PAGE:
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    The cure of the man diagnosed in 1995 represents a proof of principle, that HIV can be cure and therefore not only gives hope to a lot of people but have open the door for researching and investing in this area.

    There are at the moment several protocols being tried not just only the one posted by agalisv. Some of them are focusing on waking up the CD4 T cells that are in special reservoirs in the body and that contain the virus so they can be targeted with anti-HIV drugs. They are using already approved FDA-drugs and they are hoping to get these new therapies to be out to the public in not much time, if there are shown to be helpful in reducing the pool of dormant T cells and latent virus.

    If you want more information, there was an excellent News Focus on Science magazine a couple of week ago and it was written in a very accessible way and although is not open access, you may be able to get it through a friend or a library?
    http://www.sciencemag.org/content/332/6031/784.summary
    Also, at the Science site you can find related information on their ScienceNow section which I think is open access...

    Sadly, I do not think that this specific cure has much to do with the controversy with embryonic stem-cell therapy as we are talking about adult bone marrow stem cells.

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    I'm wondering, since HIV is a virus, has the virus mutated or will it mutate to nullify this "cure"?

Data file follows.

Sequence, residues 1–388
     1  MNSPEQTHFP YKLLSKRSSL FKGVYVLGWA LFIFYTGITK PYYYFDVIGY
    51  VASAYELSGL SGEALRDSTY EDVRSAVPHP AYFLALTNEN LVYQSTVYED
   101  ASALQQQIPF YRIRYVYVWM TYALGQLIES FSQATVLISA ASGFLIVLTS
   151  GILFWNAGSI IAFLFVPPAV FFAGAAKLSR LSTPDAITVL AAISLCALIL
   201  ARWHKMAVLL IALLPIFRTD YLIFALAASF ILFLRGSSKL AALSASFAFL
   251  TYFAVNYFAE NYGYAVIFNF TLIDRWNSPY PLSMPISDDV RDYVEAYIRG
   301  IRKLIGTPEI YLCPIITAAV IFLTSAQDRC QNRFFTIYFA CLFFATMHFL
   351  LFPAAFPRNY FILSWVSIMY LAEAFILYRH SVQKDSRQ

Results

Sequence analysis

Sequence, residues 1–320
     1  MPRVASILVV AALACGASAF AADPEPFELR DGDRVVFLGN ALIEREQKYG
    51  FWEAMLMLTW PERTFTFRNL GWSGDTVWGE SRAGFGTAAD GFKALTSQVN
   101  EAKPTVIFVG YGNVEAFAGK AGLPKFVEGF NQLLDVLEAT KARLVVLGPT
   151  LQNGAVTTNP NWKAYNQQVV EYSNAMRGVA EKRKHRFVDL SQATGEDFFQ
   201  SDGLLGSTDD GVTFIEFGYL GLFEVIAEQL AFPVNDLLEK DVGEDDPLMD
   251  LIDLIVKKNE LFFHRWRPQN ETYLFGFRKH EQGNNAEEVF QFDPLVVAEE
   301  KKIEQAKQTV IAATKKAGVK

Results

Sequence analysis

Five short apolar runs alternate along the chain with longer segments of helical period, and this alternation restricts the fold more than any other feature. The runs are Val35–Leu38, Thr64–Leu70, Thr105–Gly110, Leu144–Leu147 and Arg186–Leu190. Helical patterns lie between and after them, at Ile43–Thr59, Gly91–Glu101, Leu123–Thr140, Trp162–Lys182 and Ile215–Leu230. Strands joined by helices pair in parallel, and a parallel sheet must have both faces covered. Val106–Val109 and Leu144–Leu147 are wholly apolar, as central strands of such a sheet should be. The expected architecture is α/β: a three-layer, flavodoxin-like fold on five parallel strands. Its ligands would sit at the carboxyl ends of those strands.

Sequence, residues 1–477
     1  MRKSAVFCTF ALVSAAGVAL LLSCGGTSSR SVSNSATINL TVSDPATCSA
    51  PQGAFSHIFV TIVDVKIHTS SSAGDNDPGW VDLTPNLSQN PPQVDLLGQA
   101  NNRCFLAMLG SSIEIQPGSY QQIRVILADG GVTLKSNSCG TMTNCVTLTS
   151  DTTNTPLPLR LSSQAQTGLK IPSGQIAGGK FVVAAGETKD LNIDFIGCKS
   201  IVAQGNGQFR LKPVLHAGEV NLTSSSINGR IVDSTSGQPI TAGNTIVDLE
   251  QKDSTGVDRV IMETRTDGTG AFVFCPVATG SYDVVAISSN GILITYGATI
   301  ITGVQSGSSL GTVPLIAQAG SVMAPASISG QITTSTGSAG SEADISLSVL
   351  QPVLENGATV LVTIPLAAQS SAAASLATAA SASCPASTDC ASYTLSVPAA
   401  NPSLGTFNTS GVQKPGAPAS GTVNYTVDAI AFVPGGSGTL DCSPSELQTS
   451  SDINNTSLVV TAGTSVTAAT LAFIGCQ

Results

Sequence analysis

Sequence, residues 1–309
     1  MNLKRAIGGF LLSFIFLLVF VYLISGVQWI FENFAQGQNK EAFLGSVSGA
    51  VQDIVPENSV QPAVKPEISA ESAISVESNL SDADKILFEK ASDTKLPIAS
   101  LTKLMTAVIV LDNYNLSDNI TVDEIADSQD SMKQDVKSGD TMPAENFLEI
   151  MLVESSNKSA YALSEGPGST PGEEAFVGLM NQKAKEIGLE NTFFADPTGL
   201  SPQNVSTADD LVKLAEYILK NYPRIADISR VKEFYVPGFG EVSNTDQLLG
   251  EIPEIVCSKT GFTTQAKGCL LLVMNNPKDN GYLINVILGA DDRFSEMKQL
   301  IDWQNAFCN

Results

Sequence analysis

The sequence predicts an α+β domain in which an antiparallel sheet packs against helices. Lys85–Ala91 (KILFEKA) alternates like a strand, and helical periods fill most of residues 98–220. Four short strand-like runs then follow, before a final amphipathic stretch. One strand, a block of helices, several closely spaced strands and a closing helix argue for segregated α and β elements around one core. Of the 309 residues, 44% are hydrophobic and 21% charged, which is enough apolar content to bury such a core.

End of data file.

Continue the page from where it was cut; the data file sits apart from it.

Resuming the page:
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    Quote Originally Posted by Gazpacho View Post
    I'm wondering, since HIV is a virus, has the virus mutated or will it mutate to nullify this "cure"?
    It most certainly can. It's a danger for many vaccines and treatments, obviously.

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    Can a mod PLEASE change the thread title. Wowsers. Perhaps something like: "A step toward an HIV cure."

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    I second the request. My heart made a jump when I saw the thread title but the excitement was cooled considerably. While this is an important step, the thread title is rather sensationalistic IMO.
    Last edited by IceAlisa; 06-05-2011 at 07:08 AM.
    "Nature is a damp, inconvenient sort of place where birds and animals wander about uncooked."

    from Speedy Death

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    Methinks some are confusing a cure with something being mass marketed. It was big news when a polio vaccine was discovered, but it took several years before it was made widely available. Didn't negate the importance of the initial vaccine discovery though.